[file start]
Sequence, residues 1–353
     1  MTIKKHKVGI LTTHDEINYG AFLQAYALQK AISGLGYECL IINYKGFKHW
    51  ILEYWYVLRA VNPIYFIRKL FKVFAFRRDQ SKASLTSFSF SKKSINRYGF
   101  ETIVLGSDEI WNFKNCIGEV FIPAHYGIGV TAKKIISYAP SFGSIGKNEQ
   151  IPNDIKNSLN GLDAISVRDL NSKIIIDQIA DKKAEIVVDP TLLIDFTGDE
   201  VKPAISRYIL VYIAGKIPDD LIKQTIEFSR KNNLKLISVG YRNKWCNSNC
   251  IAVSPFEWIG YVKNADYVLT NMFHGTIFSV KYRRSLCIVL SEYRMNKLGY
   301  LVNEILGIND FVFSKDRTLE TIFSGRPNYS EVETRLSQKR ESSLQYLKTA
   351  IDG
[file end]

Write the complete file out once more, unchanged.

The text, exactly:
Sequence, residues 1–353
     1  MTIKKHKVGI LTTHDEINYG AFLQAYALQK AISGLGYECL IINYKGFKHW
    51  ILEYWYVLRA VNPIYFIRKL FKVFAFRRDQ SKASLTSFSF SKKSINRYGF
   101  ETIVLGSDEI WNFKNCIGEV FIPAHYGIGV TAKKIISYAP SFGSIGKNEQ
   151  IPNDIKNSLN GLDAISVRDL NSKIIIDQIA DKKAEIVVDP TLLIDFTGDE
   201  VKPAISRYIL VYIAGKIPDD LIKQTIEFSR KNNLKLISVG YRNKWCNSNC
   251  IAVSPFEWIG YVKNADYVLT NMFHGTIFSV KYRRSLCIVL SEYRMNKLGY
   301  LVNEILGIND FVFSKDRTLE TIFSGRPNYS EVETRLSQKR ESSLQYLKTA
   351  IDG